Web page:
And finally . . . here is the late news in English from al-Jazeera
By Dan Sabbagh, Media Editor
AL-JAZEERA, the broadcaster once denounced as propaganda by Donald Rumsfeld, will launch its long-awaited English-language channel on Wednesday in the hope of tipping the balance of the international news agenda.
Based in Qatar and funded by the country?s Emir, al-Jazeera International has poached journalists such as Sir David Frost, Rageh Omar and the BBC newsreader Darren Jordon. Its goal is to become a respected and impartial provider of news, watched in well over 5 million homes, and to act as an alternative to the American and European media. It will employ 250 journalists of 47 nationalities.
Nigel Parsons, the managing director, promised a slightly different news agenda. ?When our rivals covered the verdict of the Saddam trial, they went back to London and Washington for the reaction of Middle East experts; our experts are Arabs in the Middle East.?
Jordon, who will be a news anchor based in Doha, said that it was exciting to work with people from a range of cultures, which could be interpreted as a veiled criticism of the BBC, once described as ?hideously white? by Greg Dyke, its former Director-General.
The channel was expected to be on the air a year ago, but has been dogged by repeated delays. It will be one of the few channels to be broadcast in high definition and will run a round-the-clock service from four principal bureaux, in Kuala Lumpur, Doha, London and Washington.
It will also have to overcome the reputation of its ten-year-old Arabic sister network, best known for broadcasting tapes from al-Qaeda and Osama bin Laden and which has had bureaux in Kabul and Baghdad targeted in military action since September 11.
Mr Parsons, a Briton, like many al-Jazeera International employees, has helped to put together a style guide which is intended to emphasise a studied neutrality. Like the BBC, the station intends to be sparing in its use of the word terrorism. The channel also promises to be circumspect about transmitting any tapes purporting to be from bin Laden and about use of the term ?suicide bomber?. In Arabic, the word shaheed is used, which in English carries connotations of martyrdom.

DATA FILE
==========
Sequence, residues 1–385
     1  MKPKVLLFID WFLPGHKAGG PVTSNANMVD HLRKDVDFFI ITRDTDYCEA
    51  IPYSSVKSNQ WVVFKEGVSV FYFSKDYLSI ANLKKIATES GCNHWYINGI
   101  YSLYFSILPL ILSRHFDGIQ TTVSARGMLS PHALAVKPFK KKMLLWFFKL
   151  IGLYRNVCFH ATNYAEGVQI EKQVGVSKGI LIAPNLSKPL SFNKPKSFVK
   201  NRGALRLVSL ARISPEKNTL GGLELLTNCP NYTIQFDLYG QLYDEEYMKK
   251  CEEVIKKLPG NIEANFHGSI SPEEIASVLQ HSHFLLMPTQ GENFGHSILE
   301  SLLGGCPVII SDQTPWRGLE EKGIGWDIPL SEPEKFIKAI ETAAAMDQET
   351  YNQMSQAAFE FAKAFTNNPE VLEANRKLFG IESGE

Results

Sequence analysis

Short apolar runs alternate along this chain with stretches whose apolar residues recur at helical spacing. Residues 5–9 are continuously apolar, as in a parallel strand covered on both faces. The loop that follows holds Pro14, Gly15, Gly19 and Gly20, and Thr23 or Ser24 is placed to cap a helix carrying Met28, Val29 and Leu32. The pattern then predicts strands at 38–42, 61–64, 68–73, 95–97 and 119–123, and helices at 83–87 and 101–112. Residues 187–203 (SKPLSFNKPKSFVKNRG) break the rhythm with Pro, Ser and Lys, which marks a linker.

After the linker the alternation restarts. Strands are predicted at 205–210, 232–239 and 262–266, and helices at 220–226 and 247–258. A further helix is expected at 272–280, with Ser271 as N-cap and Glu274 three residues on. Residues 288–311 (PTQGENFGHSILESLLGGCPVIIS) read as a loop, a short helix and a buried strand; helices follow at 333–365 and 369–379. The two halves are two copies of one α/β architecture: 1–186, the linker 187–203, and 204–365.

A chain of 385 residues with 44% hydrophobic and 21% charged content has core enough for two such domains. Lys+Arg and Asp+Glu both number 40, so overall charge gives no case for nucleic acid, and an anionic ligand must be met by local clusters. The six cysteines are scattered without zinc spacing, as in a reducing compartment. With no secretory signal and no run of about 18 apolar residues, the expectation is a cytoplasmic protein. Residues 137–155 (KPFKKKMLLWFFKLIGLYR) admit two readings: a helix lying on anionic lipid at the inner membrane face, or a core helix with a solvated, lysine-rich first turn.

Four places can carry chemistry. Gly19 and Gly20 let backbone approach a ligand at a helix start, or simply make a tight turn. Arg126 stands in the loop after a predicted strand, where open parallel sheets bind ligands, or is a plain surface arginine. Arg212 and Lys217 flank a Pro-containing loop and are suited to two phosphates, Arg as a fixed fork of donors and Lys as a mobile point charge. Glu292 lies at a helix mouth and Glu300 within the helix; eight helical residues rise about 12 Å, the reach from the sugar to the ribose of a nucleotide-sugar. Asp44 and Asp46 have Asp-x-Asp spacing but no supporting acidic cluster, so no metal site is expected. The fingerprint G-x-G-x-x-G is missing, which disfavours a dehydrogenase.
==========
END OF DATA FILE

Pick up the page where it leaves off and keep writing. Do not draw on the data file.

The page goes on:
Although the Emir owns the al-Jazeera network, which will include sports channels and a documentary channel next year, there is no evidence of overt political interference. The Arabic and English operations will share bureaux, video and staff, creating an opportunity for cultural crossover between the two stations? values.
The channel idea has quickly won acceptance in Europe, where it will be available in more than 40 million homes, and it is thought that Tony Blair will be one of Sir David?s first guests on the al-Jazeera sofa.
Despite attempts to cultivate the White House, Congress and US broadcasters, however, it is struggling to get mass distribution in the United States.
SIR DAVID FROST
Presenter, Frost Over The World, weekly interview programme. Veteran interviewer whose style has softened in the past decade
Presenter, Witness, a daily documentary. Somali-born, British-educated journalist, who made his name as the BBC?s reporter in Baghdad during the Iraq War
News anchor, based in Doha. One of the BBC?s most prominent black journalists. Spent eight years in Jamaican Army. Educated at Sandhurst.